When people find problems with the scientific method, mostly because it doesn’t support their beliefs, I often find their arguments hypocritical. For example, someone might say, “The Big Bang couldn’t have happened because it violates certain laws of Thermodynamics.” These people don’t question how the Laws of Thermodynamics came to be, yet they believe them without question. They only have a problem with the scientific method when it doesn’t support what they already believe.
In response, one common argument I’ve heard from the skeptic’s side is something along the lines, “How can you have a problem with science? Do you use a microwave? Well science created that.” This argument is too ambiguous or at least poorly defined. Simon Singh, in his book Big Bang: The Origins of the Universe, discusses the differences between science and technology:
The Egyptians were certainly far in advance of the Greeks in terms of their development of weighing scales, cosmetics, ink, wooden locks, candles and many other inventions. These, however, are examples of technology, not science. Technology is a practical activity, as demonstrated by the Egyptian examples already given, which helped to facilitate death rituals, trading, beautification, writing, protection and illumination. In short, technology is all about making life (and death) more comfortable, while science is simply an effort to understand the world. Scientists are driven by curiosity, rather than comfort or utility.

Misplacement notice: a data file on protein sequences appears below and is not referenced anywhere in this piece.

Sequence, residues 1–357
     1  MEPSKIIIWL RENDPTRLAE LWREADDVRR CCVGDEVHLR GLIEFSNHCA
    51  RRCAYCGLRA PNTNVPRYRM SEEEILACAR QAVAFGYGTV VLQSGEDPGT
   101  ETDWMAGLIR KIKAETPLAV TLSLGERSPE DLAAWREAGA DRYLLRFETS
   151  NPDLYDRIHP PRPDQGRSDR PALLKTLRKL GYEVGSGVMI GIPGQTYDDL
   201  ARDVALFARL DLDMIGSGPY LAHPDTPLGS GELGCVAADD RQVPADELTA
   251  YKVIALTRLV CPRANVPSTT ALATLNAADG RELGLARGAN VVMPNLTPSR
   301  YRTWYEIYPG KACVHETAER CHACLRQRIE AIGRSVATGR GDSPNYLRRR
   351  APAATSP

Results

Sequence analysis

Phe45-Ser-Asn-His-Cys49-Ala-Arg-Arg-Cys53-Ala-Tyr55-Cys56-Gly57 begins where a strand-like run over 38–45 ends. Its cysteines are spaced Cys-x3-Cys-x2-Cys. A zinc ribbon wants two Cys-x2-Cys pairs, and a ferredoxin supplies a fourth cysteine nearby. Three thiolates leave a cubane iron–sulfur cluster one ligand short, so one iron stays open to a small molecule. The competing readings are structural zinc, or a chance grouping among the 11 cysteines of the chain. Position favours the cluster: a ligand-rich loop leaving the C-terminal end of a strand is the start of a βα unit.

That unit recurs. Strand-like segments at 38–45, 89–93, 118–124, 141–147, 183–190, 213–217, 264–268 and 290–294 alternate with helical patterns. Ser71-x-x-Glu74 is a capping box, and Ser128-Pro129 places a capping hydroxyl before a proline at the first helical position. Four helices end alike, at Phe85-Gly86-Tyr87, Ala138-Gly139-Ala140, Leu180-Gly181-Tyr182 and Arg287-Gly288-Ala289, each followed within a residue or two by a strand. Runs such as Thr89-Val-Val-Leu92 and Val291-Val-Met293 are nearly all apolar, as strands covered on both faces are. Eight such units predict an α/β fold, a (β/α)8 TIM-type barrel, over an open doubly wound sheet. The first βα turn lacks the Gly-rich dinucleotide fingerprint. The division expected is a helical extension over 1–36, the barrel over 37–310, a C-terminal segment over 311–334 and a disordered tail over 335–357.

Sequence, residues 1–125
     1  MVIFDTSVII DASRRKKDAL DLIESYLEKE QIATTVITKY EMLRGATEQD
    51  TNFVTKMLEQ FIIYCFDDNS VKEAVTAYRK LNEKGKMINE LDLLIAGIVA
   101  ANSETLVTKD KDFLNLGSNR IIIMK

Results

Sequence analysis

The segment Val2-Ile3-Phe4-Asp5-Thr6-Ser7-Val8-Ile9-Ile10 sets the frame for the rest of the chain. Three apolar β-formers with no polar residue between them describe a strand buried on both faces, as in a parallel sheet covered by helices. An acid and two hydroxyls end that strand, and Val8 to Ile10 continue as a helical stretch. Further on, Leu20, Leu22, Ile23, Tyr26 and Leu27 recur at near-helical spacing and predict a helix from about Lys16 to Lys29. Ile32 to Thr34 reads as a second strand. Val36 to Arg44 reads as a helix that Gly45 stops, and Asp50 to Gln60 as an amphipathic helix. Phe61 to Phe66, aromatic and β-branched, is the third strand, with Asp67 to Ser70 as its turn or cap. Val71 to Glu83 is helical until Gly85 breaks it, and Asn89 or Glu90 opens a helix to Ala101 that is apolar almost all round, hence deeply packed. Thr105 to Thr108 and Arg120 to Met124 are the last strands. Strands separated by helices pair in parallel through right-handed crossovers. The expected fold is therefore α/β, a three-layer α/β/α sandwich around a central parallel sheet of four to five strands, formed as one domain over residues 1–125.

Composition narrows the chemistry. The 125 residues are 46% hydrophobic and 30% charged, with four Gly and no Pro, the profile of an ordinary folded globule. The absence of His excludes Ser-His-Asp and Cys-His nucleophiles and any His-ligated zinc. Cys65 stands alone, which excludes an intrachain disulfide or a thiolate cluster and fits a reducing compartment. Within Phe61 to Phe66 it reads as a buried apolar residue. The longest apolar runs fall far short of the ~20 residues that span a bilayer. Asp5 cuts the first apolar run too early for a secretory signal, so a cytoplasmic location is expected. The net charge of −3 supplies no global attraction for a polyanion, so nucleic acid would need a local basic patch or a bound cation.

I can understand why many people think that science and technology are one in the same. Often, greater technologies are created using scientific discovery. But it is possible to have technology without science, much like the Egyptians. And that is why I felt that the previous argument was too ambiguous, but not necessarily wrong. An argument that might be more accurate, or less ambiguous, might be, “You know, a lot of the technological inventions you use in your everyday life were created primarily because of scientific curiosity and discovery.” Or perhaps, “Why do you think you are stuck to the Earth? Gravity? Well that idea was founded on scientific principles.”
Perhaps a more beautiful summary of my post can be found in the words of Henri Poincaré:
The scientist does not study nature because it is useful; he studies it because he delights in it, and he delights in it because it is beautiful. If nature were not beautiful, it would not be worth knowing, and if nature were not worth knowing, life would not be worth living. Of course I do not here speak of that beauty that strikes the senses, the beauty of qualities and appearances; not that I undervalue such beauty, far from it, but it has nothing to do with science; I mean that profounder beauty which comes from the harmonious order of the parts, and which a pure intelligence can grasp.
Singh, Simon. Big Bang: The Origin of the Universe. New York: HarperCollins Publishers Inc, 2004.